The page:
Hi there! I'm Tasneem, a PhD student and registered nurse. If you're a Harry Potter fan like me, you'll understand what I mean when I call this blog a PhD student's pensive Pensieve. Basically, a Pensieve is a place to store memories, thoughts and ideas when the ol' hard drives gets full. Revisiting them in a few years' time will be fun, I'm sure! So Join me as I explore the world of research, academia, health care, travel, food, photography, the internet and so much more!
I’m at peace when there are few humans around me. When I’m experiencing the sheer beauty and vastness of the scene before me and it’s just me and the world – a silent yet devastatingly expressive entity. I revel in my existence and my freedom, and feel truly, deeply grateful for being there to witness such a moment.
I recently rediscovered suminagashi, a Japanese paper marbling art, after 20 years.
When I was around ten years old, we had a suminagashi activity in my classroom. I remember quite enjoying the process of playing with dyes, swirling them around in water, and capturing a cool snapshot of that movement.
I made a couple of creations, and took them home at the end of the day. I tucked them somewhere in the back of a folder…and there they stayed – for two decades.
Until I found them recently, still in great condition! I marvelled at how pretty they were. I decided to frame them both, and now they hang in my apartment as wonderfully modern art pieces that I created as a child!
I’ve decided to revisit suminagashi, and rekindle that creative spark!
I purchased this marbling kit, which I will experiment with in the coming weeks. So watch this space!
You know, it’s funny. Sometimes, it takes days, weeks, months or even years to reflect on things that have happened to you and decide whether those experiences were good or not. Nearly three months after the event, I find myself offended and saddened by something I ignored at the time. I was on a cruise, about to begin an afternoon of kayaking in New Caledonia. The French kayak company owner tried to start a conversation with me by asking what I thought was “Are you on the cruise?”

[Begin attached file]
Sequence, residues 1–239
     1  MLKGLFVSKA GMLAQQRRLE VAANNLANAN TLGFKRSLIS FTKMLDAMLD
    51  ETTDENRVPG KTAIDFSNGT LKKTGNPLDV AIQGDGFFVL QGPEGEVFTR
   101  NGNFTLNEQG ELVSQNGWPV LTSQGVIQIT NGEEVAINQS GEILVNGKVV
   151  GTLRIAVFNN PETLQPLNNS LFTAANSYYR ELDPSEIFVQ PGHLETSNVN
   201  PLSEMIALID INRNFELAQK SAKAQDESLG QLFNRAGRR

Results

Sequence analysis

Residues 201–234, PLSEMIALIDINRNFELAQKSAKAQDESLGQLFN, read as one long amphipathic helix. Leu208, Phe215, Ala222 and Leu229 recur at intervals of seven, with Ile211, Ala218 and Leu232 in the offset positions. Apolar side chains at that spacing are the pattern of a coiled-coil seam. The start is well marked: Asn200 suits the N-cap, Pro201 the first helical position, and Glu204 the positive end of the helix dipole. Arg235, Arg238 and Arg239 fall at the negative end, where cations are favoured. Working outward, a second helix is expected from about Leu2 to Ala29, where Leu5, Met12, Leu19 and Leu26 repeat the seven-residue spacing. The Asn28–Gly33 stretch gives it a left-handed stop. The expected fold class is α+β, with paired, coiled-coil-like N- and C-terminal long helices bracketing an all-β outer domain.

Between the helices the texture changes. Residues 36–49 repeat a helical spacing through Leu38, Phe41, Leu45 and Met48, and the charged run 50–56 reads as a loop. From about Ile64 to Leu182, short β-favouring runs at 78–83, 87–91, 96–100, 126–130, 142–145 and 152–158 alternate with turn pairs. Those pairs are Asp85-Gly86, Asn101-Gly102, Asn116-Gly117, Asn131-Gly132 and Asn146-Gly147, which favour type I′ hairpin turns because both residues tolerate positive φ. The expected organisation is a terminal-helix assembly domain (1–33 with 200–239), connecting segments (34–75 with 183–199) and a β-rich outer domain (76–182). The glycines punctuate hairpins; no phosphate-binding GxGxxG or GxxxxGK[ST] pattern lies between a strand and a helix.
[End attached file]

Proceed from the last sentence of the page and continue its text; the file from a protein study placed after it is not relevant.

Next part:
He had a rather thick accent and didn’t fully grasp English vocabulary, so I paused before answering, thinking of other possible words of similar phonetics that would apply in this context. I couldn’t come up with any, so I said “Yes”.
Then later when we had a break, we had another short exchange, and that’s when realisation dawned. He had actually asked me if I was on the *crew*. The ship crew. I didn’t hear him ask anyone else the same question. I was dressed in casual clothes, like everyone else. What was it that made him assume? What was it about my appearance that made me different? Well, I was the only person of colour on the tour. Is that what it was all about? Or am I reading into this too much?
I thought about it some more after learning about these brilliant online tests for unconscious bias and realised that we all have them, and some are more conscious than unconscious! I must say that it’s a sad reflection of the world economy and order that none of the wait staff I encountered on board were Caucasian and yet all of the ship’s entertainment team was, with the exception of one possibly Hispanic dancer (an assumption of my own). My point is this: it’s not enough to admit we have unconscious biases. We have to ask ourselves – why? And what next? Because if we don’t answer these questions, nothing will ever change. And I will never realise my dream of becoming a cruise entertainer!